Mexico's Day of the Dead

Grade Levels: 3 - 8

Overview

By studying the Day of the Dead, a Mexican holiday, students gain an understanding that various cultures have differing views of life and death.

Objectives

  • Students will discuss how death is associated in our culture.
  • Students will compare and contrast U.S. attitudes toward death with those of Mexico.
  • Students will find the main idea of a paragraph.

Materials

Procedure

  1. Review the following vocabulary words: festivity, mourning, cultural differences.

  2. Ask students to take a few minutes to write down what comes to their minds when they think of "death." Ask them to consider various rituals surrounding death and dying, such as funerals. Call on volunteers to share their ideas and write responses on the board. The ethnic diversity of your class may affect the range of answers you receive.

  3. Ask if anyone has heard of the Day of the Dead, a holiday celebrated in Mexico. Briefly tell the students that Mexicans have a different approach to death than do many Americans. Give students a copy of our Day of the Dead fact sheet.

  4. Have a student read the title and the first paragraph of this page aloud. Call on someone else to explain what the main idea is in that paragraph. Remind students that the main idea of a paragraph is usually introduced in the first sentence. Have students read the next three paragraphs independently and identify the main idea for each.

  5. After students have finished reading the article and viewing the photo, invite them to share some newfound information about the Mexican celebration of the Day of the Dead. Place these ideas and thoughts on the board.

  6. Direct students to write an essay comparing and contrasting their own view of death with that portrayed in the article. If they write more than one paragraph, remind them to use main ideas for each paragraph.

Assessment

Extensions

  • Have students read books about the Day of the Dead and give book talks. Here are some titles to consider: Pablo Remembers: The Fiesta of the Day of the Dead, by George Ancona; Barrilete: A Kite for the Day of the Dead, by Elisa Amado and Joya Hairs; and Day of the Dead: A Mexican-American Celebration, by Diane Hoyt-Goldsmith and Lawrence Migdale.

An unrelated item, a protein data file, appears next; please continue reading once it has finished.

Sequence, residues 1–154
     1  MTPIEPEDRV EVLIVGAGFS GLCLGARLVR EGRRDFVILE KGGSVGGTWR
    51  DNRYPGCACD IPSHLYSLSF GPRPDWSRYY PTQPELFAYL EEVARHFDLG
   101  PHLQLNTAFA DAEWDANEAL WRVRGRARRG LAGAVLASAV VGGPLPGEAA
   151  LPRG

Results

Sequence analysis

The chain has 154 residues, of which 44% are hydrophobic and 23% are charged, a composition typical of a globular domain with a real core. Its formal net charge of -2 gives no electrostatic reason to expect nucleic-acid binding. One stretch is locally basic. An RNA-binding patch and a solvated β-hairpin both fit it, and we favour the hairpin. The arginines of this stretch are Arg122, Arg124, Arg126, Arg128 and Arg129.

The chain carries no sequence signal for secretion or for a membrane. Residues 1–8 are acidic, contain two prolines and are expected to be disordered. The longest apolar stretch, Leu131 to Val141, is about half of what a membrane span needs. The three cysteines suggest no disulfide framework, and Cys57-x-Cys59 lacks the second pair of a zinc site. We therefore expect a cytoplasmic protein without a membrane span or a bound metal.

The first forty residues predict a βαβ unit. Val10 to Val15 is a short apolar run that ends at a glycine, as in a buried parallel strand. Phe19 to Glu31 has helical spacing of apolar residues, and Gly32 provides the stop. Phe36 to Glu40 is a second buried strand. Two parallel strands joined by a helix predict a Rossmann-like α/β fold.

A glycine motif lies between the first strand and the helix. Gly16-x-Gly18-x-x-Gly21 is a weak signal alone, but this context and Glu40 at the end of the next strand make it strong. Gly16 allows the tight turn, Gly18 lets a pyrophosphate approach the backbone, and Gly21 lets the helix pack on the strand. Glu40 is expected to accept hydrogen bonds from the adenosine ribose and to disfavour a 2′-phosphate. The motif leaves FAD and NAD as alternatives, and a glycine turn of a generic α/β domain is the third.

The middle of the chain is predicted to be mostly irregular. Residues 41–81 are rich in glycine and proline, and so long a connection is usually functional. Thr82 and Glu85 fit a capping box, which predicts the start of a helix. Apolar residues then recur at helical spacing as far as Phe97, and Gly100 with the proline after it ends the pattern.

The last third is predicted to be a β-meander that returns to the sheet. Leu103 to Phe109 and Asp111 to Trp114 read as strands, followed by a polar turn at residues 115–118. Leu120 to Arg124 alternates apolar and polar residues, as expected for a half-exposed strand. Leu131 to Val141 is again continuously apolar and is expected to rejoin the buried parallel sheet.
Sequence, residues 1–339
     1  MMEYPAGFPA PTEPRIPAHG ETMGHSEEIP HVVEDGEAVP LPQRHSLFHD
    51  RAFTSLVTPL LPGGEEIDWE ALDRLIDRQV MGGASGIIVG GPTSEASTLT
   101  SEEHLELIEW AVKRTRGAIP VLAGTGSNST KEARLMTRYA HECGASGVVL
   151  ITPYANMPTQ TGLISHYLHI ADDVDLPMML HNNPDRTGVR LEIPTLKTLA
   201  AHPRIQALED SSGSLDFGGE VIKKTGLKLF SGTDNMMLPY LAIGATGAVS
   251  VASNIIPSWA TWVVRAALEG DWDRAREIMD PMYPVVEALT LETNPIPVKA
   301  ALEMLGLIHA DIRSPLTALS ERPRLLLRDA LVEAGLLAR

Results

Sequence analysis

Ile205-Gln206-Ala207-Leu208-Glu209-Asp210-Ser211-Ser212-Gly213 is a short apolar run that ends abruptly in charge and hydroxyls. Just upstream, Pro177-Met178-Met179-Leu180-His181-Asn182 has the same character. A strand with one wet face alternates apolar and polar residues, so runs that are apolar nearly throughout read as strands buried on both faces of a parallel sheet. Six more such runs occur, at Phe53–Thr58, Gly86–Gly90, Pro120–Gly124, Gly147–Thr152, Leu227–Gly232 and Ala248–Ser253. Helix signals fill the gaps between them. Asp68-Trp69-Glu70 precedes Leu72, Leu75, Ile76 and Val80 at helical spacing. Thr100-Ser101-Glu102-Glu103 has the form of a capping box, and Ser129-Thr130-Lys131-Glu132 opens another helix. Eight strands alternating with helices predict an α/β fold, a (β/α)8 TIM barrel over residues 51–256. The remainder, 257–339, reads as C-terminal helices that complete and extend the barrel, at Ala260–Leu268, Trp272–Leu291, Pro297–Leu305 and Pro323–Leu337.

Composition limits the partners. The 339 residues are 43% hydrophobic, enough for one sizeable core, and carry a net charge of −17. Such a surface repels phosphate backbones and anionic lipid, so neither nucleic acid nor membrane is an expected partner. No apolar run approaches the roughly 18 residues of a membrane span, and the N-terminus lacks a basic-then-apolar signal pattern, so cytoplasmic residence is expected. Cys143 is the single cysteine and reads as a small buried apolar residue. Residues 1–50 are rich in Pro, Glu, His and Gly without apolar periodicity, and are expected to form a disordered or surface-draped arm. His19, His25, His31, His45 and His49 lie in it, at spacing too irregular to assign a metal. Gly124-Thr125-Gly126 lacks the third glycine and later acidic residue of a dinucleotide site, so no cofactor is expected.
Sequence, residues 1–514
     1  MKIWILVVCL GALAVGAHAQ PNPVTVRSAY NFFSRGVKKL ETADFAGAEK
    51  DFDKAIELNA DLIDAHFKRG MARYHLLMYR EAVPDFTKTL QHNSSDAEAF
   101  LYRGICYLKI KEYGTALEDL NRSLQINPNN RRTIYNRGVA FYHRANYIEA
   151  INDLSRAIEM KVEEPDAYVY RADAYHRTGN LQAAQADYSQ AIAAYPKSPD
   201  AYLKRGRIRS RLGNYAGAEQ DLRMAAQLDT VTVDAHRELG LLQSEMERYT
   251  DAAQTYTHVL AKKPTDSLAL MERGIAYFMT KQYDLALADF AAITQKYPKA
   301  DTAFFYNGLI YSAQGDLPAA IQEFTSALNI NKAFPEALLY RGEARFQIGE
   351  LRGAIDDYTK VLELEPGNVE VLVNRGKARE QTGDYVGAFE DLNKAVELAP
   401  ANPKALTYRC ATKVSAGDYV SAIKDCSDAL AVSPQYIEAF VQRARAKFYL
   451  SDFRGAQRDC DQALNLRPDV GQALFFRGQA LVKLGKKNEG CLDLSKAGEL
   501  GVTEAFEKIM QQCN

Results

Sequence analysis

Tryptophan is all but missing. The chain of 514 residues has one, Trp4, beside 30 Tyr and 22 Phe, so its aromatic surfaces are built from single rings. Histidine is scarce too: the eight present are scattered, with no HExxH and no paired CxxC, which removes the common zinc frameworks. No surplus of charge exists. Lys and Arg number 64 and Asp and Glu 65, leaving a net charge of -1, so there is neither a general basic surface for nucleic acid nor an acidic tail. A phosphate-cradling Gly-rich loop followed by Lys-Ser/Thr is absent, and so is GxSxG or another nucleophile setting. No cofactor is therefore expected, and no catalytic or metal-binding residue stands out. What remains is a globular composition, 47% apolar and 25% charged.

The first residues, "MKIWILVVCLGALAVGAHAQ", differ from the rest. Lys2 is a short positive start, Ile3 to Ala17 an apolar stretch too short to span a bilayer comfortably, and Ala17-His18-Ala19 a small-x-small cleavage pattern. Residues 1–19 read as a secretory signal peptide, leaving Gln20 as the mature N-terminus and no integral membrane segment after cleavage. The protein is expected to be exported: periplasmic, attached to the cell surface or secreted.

• Have students research All Saints' Day and All Souls' Day.

If you need to teach it, we have it covered.

Start your free trial to gain instant access to thousands of teacher-approved worksheets, activities, and over 22,000 resources created by educational publishers and teachers.

Start Your Free Trial

Follow us on:

Follow TeacherVision on Facebook
Follow TeacherVision on Google Plus

Highlights

Summer
Summer is here! While most of your students will be on break from school for a few months, you can still engage their minds this summer. Try our summer reading suggestions, math and science worksheets, and cross-curricular resource packets to prepare kids for what the next school year will bring!

June Calendar of Events
June is full of events that you can incorporate into your standard curriculum. Our Educators' Calendar outlines activities for each event, including: Eric Carle's Birthday (June 25, 1929) and Paul Bunyan Day (June 28). Plus, celebrate Dairy Month, Immigrant Heritage Month, Inventors Month, and LGBT Pride Month all June long!

Videos
Interested in using different types of media in your classroom? We have a growing collection of videos, with related activities, for holidays and events, including: slavery & the Civil War, American History, U.S. Presidents, handwashing awareness, the Common Core, women's history, the American Revolution, and the environment. Enjoy!

Coding & Computer Science
Introduce your students to basic coding and computer science! Our Top 5 Free Coding Tools for Kids, Top 5 Free Coding Tools for Teens, and Hour of Code resources make a great introduction to the computer science skills all students will benefit from.